100 scientists gather at St Andrews
The humble ray of light may not be the first thing that comes to mind in the search for the medical breakthroughs of the future, but an international workshop hosted by the University of St Andrews next week on Medical Photonics will focus on just that: ways in which light can be used to diagnose and treat disease.
Imagine using light to detect and treat cancer, inject drugs into cells, analyse tears for signs of disease, look deep inside tissue without cutting it. These are just some of the applications 100 physicists, biologists and clinicians from around the world will discuss when they gather at the University on January 29-30 to learn about new breakthroughs from this exciting field that operates at the intersection of medicine, biology and physics. Among the highlights from St Andrews researchers is Professor Ifor Samuel’s “light bandage” (developed in collaboration with the University of Dundee’s Professor James Ferguson) that skin cancer patients can wear like a sticking plaster. Professor Simon Herrington from the Bute Medical School will talk about projects related to early diagnosis of cancer using cutting- edge laser technology and Dr Frank Gunn-Moore from the School of Biology will describe how light can even assist neuronal cell growth.
Researchers from other institutions will form the central part of the meeting. Professor Sir Alfred Cuschieri from the University of Dundee, with which St Andrews operates the Interdisciplinary Centre for Medical Photonics, will discuss the future role of advanced technology in medical practice. Professor Warren S. Warren of Duke University in the United States will deliver one of two keynote talks, about using light to look deep inside tissue.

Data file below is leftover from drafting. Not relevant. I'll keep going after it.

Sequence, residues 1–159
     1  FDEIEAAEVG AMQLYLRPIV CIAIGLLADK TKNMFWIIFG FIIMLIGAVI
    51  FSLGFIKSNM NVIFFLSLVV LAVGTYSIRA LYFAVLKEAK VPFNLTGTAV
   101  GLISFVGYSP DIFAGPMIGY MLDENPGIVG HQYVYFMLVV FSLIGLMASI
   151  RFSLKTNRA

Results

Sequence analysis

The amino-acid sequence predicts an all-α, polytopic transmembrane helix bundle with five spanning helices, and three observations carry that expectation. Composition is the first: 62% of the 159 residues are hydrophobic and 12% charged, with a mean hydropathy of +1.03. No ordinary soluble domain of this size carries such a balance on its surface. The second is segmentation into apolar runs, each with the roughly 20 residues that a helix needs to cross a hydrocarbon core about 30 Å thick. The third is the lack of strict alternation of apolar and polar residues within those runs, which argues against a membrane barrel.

New developments in Photodynamic Therapy (PDT), the technology behind the “light bandage” that offers a different way to treat cancer, will be the subject of a keynote lecture by Professor Brian Wilson from Toronto, Canada.
Talks will highlight collaborative research between St Andrews and Dundee including new methods that aim to deliver drugs directly at the cellular and tissue level. One uses light to guide tiny bubbles of drugs right to the edges of cells and burst them there, while another uses light to puncture tiny holes in the cells allowing absorption of the drug. This has formed the core of a recent Basic Technology grant to the team worth £2M.
Professor Kishan Dholakia, the meeting organiser, said, “We are all very excited and enthused to hold this prestigious and topical meeting at St Andrews. It is a key international forum to discuss such important topics for future fundamental interdisciplinary work as well as real breakthroughs for healthcare. The future for light in medicine and biology certainly looks very bright.”
For further information please contact Mrs Sandra Murray, conference administrator and PA to Kishan Dholakia on 01334 462264
Conference website: http://www.st- andrews.ac.uk/% 7Eopttrap/MPW07/index.htm
Issued by the Press Office, University of St Andrews Ref: Future is bright 260107.doc Contact 01334 462529 / 467227 View the latest University press releases at http://www.st- andrews.ac.ukResearch